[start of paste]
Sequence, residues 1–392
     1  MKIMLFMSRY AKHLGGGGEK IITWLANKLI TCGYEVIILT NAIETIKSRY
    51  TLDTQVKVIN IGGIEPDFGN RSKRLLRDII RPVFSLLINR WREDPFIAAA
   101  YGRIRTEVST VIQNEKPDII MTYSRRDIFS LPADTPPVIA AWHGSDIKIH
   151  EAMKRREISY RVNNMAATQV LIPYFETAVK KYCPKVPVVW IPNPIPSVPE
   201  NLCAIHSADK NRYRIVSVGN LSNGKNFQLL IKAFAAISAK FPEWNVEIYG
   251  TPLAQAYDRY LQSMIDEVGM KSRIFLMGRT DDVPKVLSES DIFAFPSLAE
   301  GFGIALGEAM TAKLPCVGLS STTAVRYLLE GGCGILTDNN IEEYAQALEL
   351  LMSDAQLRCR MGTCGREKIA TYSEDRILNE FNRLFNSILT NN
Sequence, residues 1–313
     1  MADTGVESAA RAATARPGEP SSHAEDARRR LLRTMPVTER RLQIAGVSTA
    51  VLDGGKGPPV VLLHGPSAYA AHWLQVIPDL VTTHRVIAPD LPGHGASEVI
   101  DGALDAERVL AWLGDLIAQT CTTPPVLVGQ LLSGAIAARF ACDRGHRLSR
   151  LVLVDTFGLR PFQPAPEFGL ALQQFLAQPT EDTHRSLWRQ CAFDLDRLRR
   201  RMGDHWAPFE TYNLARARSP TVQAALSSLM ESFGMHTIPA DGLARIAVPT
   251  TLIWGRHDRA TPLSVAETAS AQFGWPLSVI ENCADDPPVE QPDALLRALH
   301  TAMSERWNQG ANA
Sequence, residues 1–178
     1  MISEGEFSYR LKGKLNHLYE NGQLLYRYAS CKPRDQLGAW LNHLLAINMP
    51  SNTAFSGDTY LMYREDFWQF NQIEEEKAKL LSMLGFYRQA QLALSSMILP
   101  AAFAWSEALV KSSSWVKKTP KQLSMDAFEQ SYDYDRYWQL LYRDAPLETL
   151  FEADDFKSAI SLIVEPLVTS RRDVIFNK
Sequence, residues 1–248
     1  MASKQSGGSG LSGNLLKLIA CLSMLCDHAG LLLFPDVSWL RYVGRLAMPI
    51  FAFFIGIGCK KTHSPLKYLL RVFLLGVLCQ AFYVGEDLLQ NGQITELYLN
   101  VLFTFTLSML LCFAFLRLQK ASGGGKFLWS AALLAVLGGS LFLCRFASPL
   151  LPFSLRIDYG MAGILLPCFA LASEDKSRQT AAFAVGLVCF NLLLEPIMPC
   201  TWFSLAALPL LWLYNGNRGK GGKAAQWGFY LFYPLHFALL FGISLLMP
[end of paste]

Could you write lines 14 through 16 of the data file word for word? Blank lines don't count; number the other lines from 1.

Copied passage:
   151  LVLVDTFGLR PFQPAPEFGL ALQQFLAQPT EDTHRSLWRQ CAFDLDRLRR
   201  RMGDHWAPFE TYNLARARSP TVQAALSSLM ESFGMHTIPA DGLARIAVPT
   251  TLIWGRHDRA TPLSVAETAS AQFGWPLSVI ENCADDPPVE QPDALLRALH